Forewarned is forearmed or, if Latin is your thing, “praemonitus, praemunitus”. So the saying goes and clearly there is great value in knowing what lies ahead for us. If we know what is coming our way we can, in theory, prepare properly for any challenge.
Challenges are nothing new to forensic scientists. Critics routinely point out issues with our work. Some of those criticisms are fair and reasonable, others not so much. Much of the critical commentary affects a discipline as a whole demanding an overall, or group, response by members of each discipline. In my experience, disciplines are generally behind the curve in their responses to critics. Nonetheless, over time some issues have been addressed, at least partially if not completely, through empirical research. Others have not. To be fair, the activities needed to properly address the critics are not trivial and require both time and resources; scarce commodities in modern forensic labs. Overall, things are improving, albeit very slowly.
Criticism takes on a whole new meaning in the context of a court of law. Indeed, I think that criticism is the essence of cross-examination — a fundamental and important aspect of any adversarial justice system. Although essential, it is rarely an enjoyable part of the proceedings for any expert. Read more
What is certification? To me, professional certification is a designation that indicates the holder of the certification has appropriate and adequate qualifications to do some particular, generally well-defined, job or task. As an example I am a forensic document examiner and I have received professional certification from the American Board of Forensic Document Examiners, Inc.
An internet search for ‘certification’ produces a huge list of possibilities, with more such programs being developed all the time as people become attuned to issues of quality and competency. Indeed, almost every profession has some type of certification and a few have several (consider all of the ‘certifications’ in the computing industry). Most, if not all, certification programs are aimed at improving the quality in a given profession by setting minimum standards for the job. The basic idea is that someone meeting or exceeding those standards will produce quality output on the job. Certification programs are generally created or are administered by a professional society, a college or university, or some private body set up expressly for that purpose.
Forensic Document Examination is no exception so it may be worthwhile discussing certification options as well as the pros and cons that I see for those options.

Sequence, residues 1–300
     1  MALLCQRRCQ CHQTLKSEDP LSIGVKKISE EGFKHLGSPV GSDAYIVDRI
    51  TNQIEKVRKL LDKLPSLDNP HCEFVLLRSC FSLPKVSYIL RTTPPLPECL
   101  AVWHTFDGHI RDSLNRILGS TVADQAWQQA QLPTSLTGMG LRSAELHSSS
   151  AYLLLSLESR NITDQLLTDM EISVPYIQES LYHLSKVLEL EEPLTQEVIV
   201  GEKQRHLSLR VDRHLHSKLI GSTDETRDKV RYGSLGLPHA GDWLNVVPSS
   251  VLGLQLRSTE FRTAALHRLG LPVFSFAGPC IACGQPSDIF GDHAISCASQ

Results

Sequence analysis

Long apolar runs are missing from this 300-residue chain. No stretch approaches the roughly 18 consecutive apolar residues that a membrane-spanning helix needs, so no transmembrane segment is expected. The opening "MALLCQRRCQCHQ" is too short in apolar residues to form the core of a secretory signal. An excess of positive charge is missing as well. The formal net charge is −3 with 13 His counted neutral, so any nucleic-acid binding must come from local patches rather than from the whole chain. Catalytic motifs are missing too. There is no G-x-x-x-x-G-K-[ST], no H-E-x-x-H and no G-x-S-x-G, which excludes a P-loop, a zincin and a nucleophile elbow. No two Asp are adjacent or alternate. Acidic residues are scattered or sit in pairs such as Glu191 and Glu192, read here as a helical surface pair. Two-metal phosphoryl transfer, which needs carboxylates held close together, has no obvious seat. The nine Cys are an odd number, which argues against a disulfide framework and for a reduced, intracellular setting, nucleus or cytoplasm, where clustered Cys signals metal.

Okay, determining the ‘best’ of anything is always a challenge. It is, in almost every instance, a highly subjective decision based on some set of appealing features or characteristics… appealing to the person making the determination, of course. And, because this is my blog, that person happens to be me.
In fairness, there are a number of authors who have written extensively on the topic: Osborn, Ellen, Hilton, Harrison, Hilton, among others (and I apologize to those I have left off this list). I have read all of those textbooks (including most editions) and each has its strengths and weaknesses.
Nonetheless, in my opinion the best general textbook written to date on the topic of handwriting identification was done by co-authors Roy A. Huber and A.M. (Tom) Headrick, both long-time document examiners in the R.C.M. Police laboratory system.
That textbook is Handwriting Identification: Facts and Fundamentals.
When someone “opens a can of worms” it usually spells trouble. For many people, that phrase evokes a powerful image of a writhing mess of worms escaping from a previously-sealed, but now opened, can or container. With the result of such action being serious problems for the owner of said can, often problems of an unanticipated or uncertain nature. In the context of our work as Forensic Document Examiners I sometimes hear this in discussions of how to handle questions on the stand. The advice goes along the lines of ‘keep your answers simple and say as little as possible in order to limit any opportunity for questions from the other side.’
It is suggested that lengthy or complex answers will only lead to more questions and more discussion. The latter are the proverbial “can of worms” that one must strive to avoid opening.
That makes little sense to me.
The 2014 ASQDE–ASFDE conference included an interesting panel discussion with the title “Conclusions… Signature and Handwriting Conclusion Terminology and Scales”. I was fortunate to be able to take part, albeit only remotely via Skype.
The abstract for the session was as follows:
A current and global issue in our field is the topic of conclusion terminology and conclusion scales, particularly in respect of signature and handwriting conclusions. It is an important yet difficult topic to address because, while there is some commonality in the conclusion scales used in different geographical regions around the world, within a number of geographical regions there are multiple scales in use. It is for this very reason that it is also a topic in great need of discussion and there is a strong argument that we should attempt to reach a consensus (even if the result is that we agree to disagree).
This panel discussion is a collaboration of insights from numerous colleagues in our field in person, via Skype and in writing from private and government laboratories in geographical regions across the Americas, Australia, Asia, Africa, the Middle East and Europe.